– Wash your skin immediately with a pH-balanced, no-rinse skin cleanser. Pat skin dry.
    – Apply a moisture barrier ointment, cream or paste to protect the skin.
  5. If using an absorbent pad or brief for incontinence, change it when it becomes soiled or wet. Avoid products with a plastic lining.

 

Step 2: Prevent pressure

 

For people confined to bed:

Pillow angle

 

  1. Use a mattress specially made to reduce pressure.
  2. Turn or reposition often.
  3. Do not lie on a reddened area of skin, or on medical devices, such as tubes or drainage systems.
  4. Raise the head of the bed as little as possible, since a steeper angle can put more pressure on the tailbone area. Avoid slouched positions.
  5. Lift, don’t drag, when changing positions across a surface. Sliding or dragging can injure the skin.
  6. Avoid positioning patient directly on bony areas.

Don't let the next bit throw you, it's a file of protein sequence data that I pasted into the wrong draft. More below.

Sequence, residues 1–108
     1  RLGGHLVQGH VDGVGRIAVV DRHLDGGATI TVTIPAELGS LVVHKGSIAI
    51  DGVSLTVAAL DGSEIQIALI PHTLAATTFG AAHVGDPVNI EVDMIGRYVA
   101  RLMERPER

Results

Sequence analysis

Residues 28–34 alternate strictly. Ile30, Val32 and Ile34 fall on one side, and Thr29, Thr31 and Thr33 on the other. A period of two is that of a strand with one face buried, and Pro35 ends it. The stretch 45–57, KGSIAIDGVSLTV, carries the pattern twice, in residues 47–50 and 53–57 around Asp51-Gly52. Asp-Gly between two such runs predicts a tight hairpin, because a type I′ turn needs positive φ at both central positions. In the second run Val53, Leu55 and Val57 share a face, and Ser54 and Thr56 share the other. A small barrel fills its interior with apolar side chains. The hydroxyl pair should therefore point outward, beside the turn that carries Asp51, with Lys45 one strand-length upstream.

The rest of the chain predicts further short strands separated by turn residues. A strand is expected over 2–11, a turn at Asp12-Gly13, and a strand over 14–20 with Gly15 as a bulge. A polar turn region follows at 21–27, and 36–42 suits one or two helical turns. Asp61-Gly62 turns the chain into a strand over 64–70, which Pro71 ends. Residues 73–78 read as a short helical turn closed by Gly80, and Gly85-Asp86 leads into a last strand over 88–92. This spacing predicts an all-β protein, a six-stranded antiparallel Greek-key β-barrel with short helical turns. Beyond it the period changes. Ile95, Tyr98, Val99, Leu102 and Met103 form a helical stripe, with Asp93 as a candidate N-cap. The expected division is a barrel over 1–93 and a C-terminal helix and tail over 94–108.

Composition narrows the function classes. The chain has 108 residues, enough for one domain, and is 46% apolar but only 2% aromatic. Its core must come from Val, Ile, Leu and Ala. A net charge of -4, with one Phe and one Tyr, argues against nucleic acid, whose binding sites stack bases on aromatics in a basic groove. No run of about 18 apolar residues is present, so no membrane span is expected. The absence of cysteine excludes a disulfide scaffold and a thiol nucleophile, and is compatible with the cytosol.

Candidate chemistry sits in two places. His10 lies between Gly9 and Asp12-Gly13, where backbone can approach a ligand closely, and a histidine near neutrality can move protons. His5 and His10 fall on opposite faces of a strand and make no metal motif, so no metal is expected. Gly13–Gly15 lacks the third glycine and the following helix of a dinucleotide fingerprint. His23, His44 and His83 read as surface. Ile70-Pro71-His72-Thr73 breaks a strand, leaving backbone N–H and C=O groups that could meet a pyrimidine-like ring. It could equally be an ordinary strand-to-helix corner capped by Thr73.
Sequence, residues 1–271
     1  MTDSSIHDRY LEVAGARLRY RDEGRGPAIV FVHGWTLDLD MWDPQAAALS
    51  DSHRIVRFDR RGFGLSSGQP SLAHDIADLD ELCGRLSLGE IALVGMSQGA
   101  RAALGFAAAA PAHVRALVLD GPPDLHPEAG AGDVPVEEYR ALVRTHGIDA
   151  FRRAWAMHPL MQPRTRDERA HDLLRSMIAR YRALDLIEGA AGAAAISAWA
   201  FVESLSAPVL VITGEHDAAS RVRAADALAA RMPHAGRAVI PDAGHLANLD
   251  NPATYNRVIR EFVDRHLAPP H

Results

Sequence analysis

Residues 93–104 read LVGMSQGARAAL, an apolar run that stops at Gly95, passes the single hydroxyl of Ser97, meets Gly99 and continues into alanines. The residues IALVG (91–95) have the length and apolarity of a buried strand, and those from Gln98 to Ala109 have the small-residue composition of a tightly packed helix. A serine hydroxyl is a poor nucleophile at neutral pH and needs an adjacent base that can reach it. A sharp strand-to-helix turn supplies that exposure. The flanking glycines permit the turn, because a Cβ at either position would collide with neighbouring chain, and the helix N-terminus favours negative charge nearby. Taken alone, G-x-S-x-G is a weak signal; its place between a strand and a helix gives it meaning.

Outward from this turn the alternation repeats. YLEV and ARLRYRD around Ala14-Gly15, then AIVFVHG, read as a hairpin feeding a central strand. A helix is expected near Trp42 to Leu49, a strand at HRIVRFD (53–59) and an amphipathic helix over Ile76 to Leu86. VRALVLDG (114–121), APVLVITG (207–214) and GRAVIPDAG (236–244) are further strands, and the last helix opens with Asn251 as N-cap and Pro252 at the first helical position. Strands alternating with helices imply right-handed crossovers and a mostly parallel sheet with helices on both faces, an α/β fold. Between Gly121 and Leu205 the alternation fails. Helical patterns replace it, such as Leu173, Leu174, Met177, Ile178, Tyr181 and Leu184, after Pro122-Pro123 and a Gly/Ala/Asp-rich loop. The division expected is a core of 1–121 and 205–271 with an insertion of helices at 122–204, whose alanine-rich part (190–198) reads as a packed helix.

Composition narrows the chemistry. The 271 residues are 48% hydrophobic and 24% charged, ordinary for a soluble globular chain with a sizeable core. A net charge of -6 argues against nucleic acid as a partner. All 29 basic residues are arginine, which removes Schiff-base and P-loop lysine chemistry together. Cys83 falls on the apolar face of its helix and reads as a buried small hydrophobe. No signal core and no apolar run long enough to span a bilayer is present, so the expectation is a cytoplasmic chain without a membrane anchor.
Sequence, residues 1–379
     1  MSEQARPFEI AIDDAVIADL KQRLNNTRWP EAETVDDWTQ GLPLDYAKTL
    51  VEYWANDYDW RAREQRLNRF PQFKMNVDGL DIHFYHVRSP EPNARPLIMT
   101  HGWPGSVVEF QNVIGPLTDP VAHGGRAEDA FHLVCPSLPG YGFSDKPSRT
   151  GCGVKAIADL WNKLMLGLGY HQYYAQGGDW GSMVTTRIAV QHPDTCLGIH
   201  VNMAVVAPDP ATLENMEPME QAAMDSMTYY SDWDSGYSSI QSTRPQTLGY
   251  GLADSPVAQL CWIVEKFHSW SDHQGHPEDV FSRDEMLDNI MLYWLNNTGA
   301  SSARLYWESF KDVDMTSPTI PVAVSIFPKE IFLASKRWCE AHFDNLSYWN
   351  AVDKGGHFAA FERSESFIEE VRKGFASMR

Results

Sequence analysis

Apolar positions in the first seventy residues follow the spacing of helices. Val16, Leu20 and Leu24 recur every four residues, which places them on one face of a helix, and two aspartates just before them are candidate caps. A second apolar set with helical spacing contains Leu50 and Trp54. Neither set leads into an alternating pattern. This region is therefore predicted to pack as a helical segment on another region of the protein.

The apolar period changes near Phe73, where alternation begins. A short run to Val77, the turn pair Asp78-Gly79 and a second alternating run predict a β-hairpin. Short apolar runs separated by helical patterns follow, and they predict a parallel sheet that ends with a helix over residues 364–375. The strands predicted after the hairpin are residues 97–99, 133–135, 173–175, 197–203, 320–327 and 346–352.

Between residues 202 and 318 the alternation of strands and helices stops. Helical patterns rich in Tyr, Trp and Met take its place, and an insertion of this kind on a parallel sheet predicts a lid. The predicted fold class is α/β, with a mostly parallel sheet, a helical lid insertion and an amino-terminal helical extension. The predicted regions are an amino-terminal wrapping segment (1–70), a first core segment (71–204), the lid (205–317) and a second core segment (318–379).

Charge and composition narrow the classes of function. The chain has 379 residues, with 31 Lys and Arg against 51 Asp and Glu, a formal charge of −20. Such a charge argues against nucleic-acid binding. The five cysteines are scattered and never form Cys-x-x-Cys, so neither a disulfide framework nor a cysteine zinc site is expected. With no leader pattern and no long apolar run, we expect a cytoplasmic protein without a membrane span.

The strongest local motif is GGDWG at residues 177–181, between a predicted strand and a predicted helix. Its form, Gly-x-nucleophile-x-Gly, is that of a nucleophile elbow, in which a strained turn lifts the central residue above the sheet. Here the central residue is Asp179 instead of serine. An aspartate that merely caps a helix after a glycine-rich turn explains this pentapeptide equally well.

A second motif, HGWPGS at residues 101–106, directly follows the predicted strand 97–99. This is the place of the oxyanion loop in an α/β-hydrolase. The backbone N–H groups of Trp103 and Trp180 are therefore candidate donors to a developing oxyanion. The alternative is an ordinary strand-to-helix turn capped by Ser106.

7. Keep clothing and bed linens dry, smooth and wrinkle-free.elevated heels
  8. Protect your elbows and heels. Use a pillow under the calves to lift the heels 
    up off of the mattress.

 

 

 

 

For patients in a chair or wheelchair:

  1. Use a cushion specially made to reduce pressure.
  2. Shift your weight often by doing small lifts, leaning forward and shifting your weight from side to side.

Step 3: Eat well

Nutrition is important.

  1. Calories, protein and fluids all help to keep you healthy and to protect your skin from injury.
  2. Let your doctor or nurse know if you are having problems eating or if you notice that you’re losing weight. They may suggest liquid nutritional supplements.

 

Caring for pressure ulcers

For pressure ulcers to heal, the wound must be kept clean, free of dead tissue and covered with a special dressing. Dead tissue is yellow, black or brown in color and can lead to infection.

 

Step 1: Clean the wound

Regular cleaning of the wound is important to aid in healing.

  1. Gently clean the wound with each dressing change using a saline solution or wound cleanser.
  2. Rinse the area well to remove any loose material or dead tissue.

 Clean the wound

Step 2: Cover the wound

Special wound care dressings are used to cover and protect the wound. Wound care dressings either keep the wound moist or absorb drainage, or both.